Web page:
An Odd VisionMarch 30, 2018
The Schmidt Foundation was founded by a Silicon Valley billionaire and his wife. Doug Bock Clark, who spent three years living with a tribe of ‘hunter-gatherers’ on an Indonesian island, is a young free-lance journalist. And Rolling Stone, for five decades, has been the herald of ‘sex, drugs and rock ‘n’ roll.’
One wanted a story published knocking modern agriculture, one wanted a grant, one was happy to publish a story it got for free, and when their paths crossed it led to an odd headline: Why China is Treating North Carolina Like the Developing World?
And the answer to their question was: Hogs.
Here’s how it happened: The Schmidt Foundation gave a grant to the University of California at Berkeley’s School of Journalism. UC-Berkeley then gave a grant to Clark.
Clark, it appears, went on the internet, read all the stories he could find critical of hog farmers then had a revelation: China was out to get its hands on North Carolina’s hogs, and, to do that, it was treating North Carolina like a third world country.
If Clark’s vision leaves you puzzled, when you look deeper it gets more puzzling.
China raises more hogs than any nation on earth. It raises 96% of the pork its people eat. And imports just 4%. How much of China’s pork comes from North Carolina? Something like one-tenth of one percent. Germany sells more pork to China than America. And America sells more pork to Mexico than to China.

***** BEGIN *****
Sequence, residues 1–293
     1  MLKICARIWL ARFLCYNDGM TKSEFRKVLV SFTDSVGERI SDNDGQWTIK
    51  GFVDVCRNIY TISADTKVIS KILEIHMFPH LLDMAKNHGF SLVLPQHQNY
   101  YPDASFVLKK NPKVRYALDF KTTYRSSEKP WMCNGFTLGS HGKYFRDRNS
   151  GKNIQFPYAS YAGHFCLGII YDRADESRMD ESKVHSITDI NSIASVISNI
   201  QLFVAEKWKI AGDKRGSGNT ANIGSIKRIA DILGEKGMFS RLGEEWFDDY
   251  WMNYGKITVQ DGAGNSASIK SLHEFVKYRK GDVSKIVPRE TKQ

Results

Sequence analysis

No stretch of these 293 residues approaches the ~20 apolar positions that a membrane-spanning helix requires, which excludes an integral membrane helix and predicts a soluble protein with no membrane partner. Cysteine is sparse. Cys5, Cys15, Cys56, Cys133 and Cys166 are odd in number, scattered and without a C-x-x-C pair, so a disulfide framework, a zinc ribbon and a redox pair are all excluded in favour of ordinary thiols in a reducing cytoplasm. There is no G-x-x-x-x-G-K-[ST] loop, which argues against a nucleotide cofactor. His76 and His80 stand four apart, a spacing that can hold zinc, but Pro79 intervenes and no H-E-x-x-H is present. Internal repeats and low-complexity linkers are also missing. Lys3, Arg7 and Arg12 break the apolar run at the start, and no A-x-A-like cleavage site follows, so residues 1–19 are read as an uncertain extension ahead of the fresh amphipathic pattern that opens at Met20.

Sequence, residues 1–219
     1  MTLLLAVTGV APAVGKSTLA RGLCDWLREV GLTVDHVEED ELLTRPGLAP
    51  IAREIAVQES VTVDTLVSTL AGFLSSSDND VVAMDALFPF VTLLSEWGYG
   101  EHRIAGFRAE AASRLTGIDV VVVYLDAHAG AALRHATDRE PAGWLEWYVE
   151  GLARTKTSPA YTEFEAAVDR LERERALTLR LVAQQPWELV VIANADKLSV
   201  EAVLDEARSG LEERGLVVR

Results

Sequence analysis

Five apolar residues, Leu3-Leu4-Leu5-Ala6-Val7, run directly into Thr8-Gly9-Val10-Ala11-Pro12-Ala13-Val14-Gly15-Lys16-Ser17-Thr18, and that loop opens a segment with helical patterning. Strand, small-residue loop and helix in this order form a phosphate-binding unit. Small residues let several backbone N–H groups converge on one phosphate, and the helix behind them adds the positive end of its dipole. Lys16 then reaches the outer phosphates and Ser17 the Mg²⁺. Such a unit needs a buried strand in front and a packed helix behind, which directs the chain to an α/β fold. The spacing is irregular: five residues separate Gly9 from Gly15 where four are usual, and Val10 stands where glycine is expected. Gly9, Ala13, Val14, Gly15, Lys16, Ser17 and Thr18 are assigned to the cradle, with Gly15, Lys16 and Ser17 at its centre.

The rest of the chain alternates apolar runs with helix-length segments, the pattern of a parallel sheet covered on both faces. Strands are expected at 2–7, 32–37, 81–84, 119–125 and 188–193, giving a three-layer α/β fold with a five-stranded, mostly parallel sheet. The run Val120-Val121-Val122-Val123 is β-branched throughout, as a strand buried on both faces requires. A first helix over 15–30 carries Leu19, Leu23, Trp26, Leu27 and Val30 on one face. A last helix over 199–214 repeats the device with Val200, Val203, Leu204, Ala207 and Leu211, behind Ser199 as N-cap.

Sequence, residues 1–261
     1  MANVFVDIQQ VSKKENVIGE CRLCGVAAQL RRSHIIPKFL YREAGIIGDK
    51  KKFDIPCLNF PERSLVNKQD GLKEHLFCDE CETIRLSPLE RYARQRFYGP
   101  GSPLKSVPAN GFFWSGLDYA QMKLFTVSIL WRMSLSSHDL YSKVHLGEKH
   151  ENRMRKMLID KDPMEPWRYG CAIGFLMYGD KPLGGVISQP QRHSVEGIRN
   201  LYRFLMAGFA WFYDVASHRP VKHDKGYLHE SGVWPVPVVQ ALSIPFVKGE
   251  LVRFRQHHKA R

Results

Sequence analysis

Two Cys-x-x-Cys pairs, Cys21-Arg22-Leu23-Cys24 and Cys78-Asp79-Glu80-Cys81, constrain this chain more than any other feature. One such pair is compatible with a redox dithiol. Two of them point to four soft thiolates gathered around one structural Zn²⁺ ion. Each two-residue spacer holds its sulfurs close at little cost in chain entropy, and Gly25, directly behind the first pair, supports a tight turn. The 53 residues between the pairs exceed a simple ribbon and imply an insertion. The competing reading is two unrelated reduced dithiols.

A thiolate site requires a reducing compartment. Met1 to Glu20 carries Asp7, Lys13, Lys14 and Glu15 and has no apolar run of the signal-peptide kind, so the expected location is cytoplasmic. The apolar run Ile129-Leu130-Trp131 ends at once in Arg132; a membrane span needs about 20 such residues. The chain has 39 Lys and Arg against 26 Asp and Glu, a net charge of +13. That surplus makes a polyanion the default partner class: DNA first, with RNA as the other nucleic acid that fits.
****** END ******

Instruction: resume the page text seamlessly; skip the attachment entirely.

Here’s another slip: Clark reported that Duplin County raises more hogs than any other county in the United States. But he was wrong. It doesn’t. How did a journalist with a grant from a wealthy foundation make a silly mistake like that?
Clark described seeing six hog barns made of metal. But the barns he saw weren’t metal – they were made of wood. How could he mistake wood for metal?
In one breath, Clark described a lady telling him she believed the odor from a hog farm near her home killed her nephew and, in another breath, he said the same nephew had died of cancer.
He reported hog waste is “potentially lethal” and that “people die with distressing regularity in the waste.” And he reported that hog farming is a $2.9 billion industry that provides 46,000 jobs in North Carolina – but that led him to another odd conclusion: “The overall economic benefits of hog farming,” he said, “have actually been relatively small.”
When their paths crossed the Schmidt Foundation, the journalist, and the rock ‘n’ roll magazine each got what they wanted. What did it lead to? They spun an odd tale then moved on and left everyone else to pick up the pieces.